- Thread starter Organon
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- Jun 18, 2007

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Does the equation look like:I am having a bit of trouble with the following equation:

(100p-4000/100p)=.3

Honestly, I don't know where to start with this one and would really appreciate some guidance on what steps to take.

\(\displaystyle \displaystyle{\dfrac{100p-4000}{100p}}\)

Or:

\(\displaystyle \displaystyle{\dfrac{100p-4000}{100}p}\)

or:

\(\displaystyle \displaystyle{100p-\dfrac{4000}{100}p}\)

or something else...

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Has your class not yet covered solving this sort of equation, so you haven't seen "multiplying both sides by the common denominator to clear the fractions"...?I am having a bit of trouble with the following equation:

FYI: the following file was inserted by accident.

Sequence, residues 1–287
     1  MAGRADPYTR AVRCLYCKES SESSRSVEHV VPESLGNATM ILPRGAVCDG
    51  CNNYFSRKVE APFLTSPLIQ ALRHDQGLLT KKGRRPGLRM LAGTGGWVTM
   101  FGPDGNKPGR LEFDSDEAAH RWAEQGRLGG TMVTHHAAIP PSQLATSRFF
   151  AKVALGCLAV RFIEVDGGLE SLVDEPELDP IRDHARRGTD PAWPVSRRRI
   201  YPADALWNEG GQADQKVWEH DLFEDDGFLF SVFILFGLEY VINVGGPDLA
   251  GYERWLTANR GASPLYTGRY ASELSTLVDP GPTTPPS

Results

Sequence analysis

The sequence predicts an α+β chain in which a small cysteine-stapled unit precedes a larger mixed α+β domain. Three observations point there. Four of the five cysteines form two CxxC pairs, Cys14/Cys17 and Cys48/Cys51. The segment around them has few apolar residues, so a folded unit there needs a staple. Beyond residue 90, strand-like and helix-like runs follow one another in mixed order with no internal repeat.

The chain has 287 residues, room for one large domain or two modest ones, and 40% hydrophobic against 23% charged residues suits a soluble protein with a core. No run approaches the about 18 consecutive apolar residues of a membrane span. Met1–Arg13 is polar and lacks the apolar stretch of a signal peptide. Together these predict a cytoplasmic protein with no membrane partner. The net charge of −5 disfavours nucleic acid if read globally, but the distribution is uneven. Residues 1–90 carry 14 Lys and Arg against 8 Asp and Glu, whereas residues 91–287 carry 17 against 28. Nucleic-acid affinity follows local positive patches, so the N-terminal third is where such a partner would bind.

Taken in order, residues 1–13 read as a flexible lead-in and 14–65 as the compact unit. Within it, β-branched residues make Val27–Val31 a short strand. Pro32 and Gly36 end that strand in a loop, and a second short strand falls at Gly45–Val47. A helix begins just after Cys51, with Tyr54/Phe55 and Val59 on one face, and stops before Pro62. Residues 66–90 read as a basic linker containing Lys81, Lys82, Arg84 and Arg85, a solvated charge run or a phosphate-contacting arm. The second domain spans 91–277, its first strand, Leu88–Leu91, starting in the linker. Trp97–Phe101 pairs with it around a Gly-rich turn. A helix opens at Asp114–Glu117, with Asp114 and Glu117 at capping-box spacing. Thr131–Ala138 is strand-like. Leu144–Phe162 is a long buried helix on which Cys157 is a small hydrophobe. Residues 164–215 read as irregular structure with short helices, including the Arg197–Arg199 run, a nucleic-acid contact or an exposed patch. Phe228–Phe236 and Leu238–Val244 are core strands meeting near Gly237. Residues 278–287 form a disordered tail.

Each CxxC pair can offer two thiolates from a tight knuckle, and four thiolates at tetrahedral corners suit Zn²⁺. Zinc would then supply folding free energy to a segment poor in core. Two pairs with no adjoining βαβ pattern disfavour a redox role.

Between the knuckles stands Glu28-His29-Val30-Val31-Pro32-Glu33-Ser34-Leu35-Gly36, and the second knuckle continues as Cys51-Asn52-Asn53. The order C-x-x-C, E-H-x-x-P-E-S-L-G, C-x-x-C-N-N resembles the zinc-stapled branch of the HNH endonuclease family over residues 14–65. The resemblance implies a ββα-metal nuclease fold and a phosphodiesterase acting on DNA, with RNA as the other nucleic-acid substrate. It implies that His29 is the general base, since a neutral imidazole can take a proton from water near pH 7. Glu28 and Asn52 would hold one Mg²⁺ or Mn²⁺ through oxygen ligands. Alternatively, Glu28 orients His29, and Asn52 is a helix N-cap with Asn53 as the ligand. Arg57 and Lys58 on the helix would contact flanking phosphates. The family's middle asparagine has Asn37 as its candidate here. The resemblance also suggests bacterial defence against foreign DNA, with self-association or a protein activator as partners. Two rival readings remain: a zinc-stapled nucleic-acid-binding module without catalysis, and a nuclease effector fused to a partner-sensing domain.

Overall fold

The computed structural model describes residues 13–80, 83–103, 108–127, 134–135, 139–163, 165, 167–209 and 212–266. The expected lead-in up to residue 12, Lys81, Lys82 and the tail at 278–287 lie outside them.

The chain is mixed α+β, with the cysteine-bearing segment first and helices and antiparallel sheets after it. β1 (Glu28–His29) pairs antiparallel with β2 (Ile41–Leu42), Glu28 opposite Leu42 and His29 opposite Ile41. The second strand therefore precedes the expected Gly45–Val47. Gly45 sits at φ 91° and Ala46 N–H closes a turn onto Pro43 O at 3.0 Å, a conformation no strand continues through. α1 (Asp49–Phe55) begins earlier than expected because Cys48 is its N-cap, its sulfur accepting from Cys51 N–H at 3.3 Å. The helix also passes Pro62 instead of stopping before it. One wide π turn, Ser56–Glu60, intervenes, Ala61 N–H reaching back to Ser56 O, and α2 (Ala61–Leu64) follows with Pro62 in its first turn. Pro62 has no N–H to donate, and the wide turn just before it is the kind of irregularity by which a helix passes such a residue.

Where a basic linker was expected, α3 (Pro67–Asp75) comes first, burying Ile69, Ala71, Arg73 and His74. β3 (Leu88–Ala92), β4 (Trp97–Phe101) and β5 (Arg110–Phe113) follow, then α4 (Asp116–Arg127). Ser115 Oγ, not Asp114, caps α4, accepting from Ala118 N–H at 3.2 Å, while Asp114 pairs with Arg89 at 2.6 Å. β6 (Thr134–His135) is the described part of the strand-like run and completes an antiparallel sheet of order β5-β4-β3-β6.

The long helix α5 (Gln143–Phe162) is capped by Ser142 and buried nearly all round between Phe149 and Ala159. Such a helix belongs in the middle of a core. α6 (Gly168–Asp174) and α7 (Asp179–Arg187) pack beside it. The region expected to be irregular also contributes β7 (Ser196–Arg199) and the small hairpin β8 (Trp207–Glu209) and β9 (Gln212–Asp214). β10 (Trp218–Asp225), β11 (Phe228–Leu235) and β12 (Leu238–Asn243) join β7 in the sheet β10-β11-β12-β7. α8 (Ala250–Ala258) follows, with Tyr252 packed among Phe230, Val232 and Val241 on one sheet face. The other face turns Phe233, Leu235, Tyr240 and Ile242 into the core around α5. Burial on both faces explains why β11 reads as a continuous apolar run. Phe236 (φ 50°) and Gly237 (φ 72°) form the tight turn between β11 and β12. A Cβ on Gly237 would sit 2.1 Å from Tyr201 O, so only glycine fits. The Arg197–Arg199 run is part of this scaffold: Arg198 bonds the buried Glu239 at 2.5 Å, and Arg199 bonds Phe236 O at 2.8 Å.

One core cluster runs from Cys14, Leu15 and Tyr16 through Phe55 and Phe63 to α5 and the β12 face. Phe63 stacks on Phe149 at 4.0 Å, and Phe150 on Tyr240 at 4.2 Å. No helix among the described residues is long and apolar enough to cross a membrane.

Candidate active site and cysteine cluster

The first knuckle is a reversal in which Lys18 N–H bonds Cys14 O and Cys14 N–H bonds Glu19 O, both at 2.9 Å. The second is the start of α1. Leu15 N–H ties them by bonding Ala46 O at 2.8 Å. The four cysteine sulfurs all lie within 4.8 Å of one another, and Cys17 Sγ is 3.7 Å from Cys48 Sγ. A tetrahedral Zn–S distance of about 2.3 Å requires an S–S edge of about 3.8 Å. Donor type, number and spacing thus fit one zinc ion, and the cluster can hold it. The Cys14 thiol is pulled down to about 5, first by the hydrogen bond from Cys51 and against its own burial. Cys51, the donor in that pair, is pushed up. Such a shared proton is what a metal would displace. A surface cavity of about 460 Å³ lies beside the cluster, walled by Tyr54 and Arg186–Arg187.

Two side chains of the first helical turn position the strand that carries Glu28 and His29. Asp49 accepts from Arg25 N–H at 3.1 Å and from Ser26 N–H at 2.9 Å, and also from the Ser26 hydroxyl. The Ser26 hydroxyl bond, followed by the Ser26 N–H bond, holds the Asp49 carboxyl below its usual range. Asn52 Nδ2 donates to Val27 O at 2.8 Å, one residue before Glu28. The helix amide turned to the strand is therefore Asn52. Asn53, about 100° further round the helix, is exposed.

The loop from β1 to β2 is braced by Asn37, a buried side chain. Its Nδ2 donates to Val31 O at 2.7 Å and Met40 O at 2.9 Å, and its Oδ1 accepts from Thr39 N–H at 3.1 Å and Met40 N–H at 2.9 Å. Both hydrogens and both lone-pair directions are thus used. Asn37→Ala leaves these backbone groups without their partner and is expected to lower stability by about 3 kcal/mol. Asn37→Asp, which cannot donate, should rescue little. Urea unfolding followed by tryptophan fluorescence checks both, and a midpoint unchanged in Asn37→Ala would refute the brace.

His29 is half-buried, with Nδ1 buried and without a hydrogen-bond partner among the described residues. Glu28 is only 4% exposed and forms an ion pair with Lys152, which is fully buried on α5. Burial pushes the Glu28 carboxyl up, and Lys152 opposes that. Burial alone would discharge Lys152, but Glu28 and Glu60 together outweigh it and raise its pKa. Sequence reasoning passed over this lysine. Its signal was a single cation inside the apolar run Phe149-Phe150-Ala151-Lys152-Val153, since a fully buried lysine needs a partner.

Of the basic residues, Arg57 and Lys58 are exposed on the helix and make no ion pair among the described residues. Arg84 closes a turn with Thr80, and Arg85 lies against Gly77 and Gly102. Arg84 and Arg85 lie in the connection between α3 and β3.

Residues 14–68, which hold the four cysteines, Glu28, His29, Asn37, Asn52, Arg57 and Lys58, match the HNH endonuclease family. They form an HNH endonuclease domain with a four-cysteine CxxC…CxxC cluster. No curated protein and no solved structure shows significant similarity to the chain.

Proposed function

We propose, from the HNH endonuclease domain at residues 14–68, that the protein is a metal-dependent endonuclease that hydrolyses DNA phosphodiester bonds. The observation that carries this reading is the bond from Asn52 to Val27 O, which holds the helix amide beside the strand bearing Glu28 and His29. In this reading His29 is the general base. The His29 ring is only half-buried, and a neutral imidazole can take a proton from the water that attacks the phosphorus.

(100p-4000/100p)=.3

Honestly, I don't know where to start with this one and would really appreciate some guidance on what steps to take.

Top one.Does the equation look like:

\(\displaystyle \displaystyle{\dfrac{100p-4000}{100p}}\)

Or:

\(\displaystyle \displaystyle{\dfrac{100p-4000}{100}p}\)

or:

\(\displaystyle \displaystyle{100p-\dfrac{4000}{100}p}\)

or something else...

Sorry, I don't know how to do equation formatting on the site yet.

- Joined
- Jun 18, 2007

- Messages
- 19,729

You should have written it as:I am having a bit of trouble with the following equation:

(100p-4000/100p)=.3

Honestly, I don't know where to start with this one and would really appreciate some guidance on what steps to take.

(100*p - 4000)/(100*p) = 0.3

There are multiple ways to proceed from here. My preferred next step would be - to multiply both sides by (100p) - to get rid of fraction:

(100*p - 4000)/(100*p) = 0.3

(100*p - 4000)/(100*p) * 100*p = 0.3* 100*p

100*p -4000 = 30 * p

Now continue....